There are many reasons for associating with good people. I'm reminded of the scene in the movie As Good as It Gets starring Jack Nicholson and Helen Hunt. Nicholson's character tells Hunt's that he has a compliment for her. He doesn't tell he likes her hair or likes her dress. He doesn't talk about her personality. So what's the complement he has for her? He tells her, "You make me want to be a better man." It's a great quote. That's one of the benefits of associating with good people. They raise the bar. They help you aspire to be a better person. I've had the good fortune of associating with some good people throughout my career. They've provided me with great opportunities for learning, development, and career advancement. By carefully choosing my partners, I've really enjoyed what I've done, and the people I've been associated with.

Early in my career, I was approached by a head hunter about a position. I decided to interview for the job, and ultimately was offered the position. But it required relocation and I felt the risk with the position was significant enough that I turned down the offer. About six months later, I gave a presentation at an industry event, and the CEO of the company was in the audience. He approached me in the lobby of the hotel and asked if I'd reconsider coming to work for him if he doubled what I was making. Now, I was a young guy, and doubling my salary was enticing. I told him I'd think about it. I went to see one of my mentors and told him about the offer. My specific question was, "Am I crazy for not jumping at a job that pays twice what I'm making today?" His answer, "If it sounds too good to be true, it probably is." And there was a reason that you turn down the offer the first time. Have those reasons changed? If not, then I'd tell you to trust your gut. I did trust my gut. I turned down the job for a second time and never regretted it once.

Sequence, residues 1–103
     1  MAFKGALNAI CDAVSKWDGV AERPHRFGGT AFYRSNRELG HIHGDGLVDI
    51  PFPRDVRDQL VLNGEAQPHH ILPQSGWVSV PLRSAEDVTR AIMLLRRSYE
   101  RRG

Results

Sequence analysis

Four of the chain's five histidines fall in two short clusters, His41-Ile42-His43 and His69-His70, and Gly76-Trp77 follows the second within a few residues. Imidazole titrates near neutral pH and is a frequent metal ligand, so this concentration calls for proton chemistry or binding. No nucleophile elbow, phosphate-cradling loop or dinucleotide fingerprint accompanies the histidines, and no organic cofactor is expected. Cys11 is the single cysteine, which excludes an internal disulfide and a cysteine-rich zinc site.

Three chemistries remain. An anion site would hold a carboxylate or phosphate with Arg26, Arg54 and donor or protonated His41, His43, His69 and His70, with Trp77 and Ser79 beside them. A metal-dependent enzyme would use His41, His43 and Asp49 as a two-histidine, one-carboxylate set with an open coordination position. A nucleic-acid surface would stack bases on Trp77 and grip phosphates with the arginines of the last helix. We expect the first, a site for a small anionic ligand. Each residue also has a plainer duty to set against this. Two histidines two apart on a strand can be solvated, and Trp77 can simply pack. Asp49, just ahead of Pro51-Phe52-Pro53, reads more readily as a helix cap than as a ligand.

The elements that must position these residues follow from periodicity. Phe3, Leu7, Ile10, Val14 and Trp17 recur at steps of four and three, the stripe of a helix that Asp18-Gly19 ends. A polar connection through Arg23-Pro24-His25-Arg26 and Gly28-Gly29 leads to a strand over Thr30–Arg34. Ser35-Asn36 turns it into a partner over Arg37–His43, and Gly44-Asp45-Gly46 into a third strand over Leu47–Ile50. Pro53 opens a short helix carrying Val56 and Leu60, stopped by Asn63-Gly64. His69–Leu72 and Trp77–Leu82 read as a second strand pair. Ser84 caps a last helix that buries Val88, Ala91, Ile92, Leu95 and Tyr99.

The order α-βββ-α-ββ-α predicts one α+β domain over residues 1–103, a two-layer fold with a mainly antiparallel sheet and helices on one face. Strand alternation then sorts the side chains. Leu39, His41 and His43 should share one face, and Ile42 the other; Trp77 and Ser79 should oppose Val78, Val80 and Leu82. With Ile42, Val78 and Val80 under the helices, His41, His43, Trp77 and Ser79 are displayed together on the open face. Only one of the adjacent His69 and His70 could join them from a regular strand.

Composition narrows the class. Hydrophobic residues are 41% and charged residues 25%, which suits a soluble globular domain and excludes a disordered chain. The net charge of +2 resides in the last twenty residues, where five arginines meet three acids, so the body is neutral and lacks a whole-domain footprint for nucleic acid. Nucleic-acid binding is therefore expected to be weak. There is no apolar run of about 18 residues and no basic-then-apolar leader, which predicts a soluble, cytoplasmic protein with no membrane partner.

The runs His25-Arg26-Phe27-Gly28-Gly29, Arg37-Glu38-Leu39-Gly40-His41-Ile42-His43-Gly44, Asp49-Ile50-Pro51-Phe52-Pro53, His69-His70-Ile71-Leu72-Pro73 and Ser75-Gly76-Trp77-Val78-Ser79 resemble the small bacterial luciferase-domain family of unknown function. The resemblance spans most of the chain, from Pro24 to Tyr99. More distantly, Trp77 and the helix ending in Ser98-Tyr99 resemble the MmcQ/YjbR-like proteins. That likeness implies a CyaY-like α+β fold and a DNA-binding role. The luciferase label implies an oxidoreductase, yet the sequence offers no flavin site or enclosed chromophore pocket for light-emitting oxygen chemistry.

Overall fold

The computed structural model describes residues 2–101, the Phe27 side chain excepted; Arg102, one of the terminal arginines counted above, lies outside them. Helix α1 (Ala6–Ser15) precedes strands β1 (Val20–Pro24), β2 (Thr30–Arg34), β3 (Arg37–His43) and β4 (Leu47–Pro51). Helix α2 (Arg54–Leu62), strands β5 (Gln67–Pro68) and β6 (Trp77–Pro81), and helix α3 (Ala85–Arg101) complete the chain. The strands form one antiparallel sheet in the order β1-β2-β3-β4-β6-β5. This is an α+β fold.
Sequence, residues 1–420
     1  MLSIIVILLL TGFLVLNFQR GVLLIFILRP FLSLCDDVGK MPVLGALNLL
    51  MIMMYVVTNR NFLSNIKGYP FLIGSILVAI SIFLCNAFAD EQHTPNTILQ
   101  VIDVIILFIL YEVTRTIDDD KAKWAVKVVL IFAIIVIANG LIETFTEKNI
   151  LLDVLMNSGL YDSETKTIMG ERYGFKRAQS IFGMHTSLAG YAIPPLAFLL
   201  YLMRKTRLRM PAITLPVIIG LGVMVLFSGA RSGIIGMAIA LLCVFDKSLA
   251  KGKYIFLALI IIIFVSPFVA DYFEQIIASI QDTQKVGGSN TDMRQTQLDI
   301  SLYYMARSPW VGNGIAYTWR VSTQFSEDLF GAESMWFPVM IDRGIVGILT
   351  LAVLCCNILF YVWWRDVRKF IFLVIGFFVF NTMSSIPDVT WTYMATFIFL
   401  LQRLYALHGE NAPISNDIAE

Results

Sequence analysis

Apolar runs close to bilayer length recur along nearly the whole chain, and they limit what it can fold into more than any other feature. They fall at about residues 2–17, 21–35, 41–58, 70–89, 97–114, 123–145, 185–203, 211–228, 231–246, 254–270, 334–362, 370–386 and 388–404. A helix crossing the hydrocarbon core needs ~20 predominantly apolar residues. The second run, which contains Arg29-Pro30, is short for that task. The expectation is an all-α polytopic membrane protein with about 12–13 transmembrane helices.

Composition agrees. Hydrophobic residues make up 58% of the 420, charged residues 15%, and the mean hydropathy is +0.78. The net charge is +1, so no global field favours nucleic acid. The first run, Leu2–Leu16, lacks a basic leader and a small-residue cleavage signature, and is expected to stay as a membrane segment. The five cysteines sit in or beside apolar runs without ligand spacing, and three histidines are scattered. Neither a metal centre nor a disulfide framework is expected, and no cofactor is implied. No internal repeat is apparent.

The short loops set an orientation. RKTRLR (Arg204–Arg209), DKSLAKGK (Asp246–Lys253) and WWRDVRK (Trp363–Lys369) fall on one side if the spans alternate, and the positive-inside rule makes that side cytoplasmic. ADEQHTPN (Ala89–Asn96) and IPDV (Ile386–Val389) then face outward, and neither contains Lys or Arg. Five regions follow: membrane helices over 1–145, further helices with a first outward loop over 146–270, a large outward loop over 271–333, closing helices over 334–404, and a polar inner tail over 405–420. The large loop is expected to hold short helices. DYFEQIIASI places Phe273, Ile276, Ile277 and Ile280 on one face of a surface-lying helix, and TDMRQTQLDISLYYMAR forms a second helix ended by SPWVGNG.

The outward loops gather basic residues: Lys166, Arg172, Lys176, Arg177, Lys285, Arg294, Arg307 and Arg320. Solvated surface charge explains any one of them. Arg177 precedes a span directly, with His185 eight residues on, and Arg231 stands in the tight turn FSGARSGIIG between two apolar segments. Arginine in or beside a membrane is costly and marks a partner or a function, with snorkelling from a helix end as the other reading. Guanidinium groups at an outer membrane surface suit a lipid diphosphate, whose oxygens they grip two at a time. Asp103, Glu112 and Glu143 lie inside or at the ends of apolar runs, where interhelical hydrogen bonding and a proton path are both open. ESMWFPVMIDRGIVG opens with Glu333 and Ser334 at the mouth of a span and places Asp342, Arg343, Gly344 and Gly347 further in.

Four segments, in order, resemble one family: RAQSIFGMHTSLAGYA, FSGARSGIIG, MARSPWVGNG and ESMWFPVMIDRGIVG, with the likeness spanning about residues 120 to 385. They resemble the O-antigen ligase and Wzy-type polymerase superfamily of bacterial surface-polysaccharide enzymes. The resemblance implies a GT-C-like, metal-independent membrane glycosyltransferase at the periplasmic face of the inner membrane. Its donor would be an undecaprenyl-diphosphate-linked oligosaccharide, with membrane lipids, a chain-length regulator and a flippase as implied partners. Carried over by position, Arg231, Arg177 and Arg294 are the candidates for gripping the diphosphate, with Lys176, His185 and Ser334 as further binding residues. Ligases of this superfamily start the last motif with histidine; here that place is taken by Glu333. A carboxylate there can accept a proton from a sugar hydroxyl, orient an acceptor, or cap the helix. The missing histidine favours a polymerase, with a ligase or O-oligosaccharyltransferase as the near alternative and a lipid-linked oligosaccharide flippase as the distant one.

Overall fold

Let me tell you another story where I didn't trust my gut when it came to someone I did business with. A number of years ago, I sold a business. It was a business that I was told I wouldn't ever be able to sell. But I found a buyer willing to give me the deal I was looking for. The buyer took over the business and kept all the employees, except one. I thought it was a great win-win situation. The thing is I really didn't like the guy who I was doing the deal with. He was arrogant and difficult. I'd say a bully would be the best way to describe him. But he was doing the deal I wanted and keeping all of my people on payroll. So what if he was a jerk? I ignored the warning signs.


It didn't take long before I was hearing from former employees that they were miserable. Many had quit, and others were actively looking for new employment. This continued for a couple of years. Then suddenly, he stopped paying me for the business. He had sufficiently run it into the ground to the point where he could not continue to make the payments. But it doesn't stop there, it gets better. He threatened to sue me to get out of our agreement and said if I sued him, he'd declare bankruptcy because he couldn't afford the consequences of a loss in court. I decided to walk away from the deal and the money he still owed me. I couldn't win. You see, it does matter who you get into business with. Life's too short to deal with jerks. Mom was right, associate with good people.

Lesson number eight: Be an advocate. You all know what this is? It's a mama bear. Do you ever see what a mama bear does when her cubs are in danger? She gets downright mean and nasty. Now, my mom is a pretty soft-spoken person. But she'd stick up for her kids if she felt it was necessary. She wasn't one of the helicopter moms of today, but when push came to shove, I knew she'd be in my corner. She knew how to be an advocate for her kids. Still does.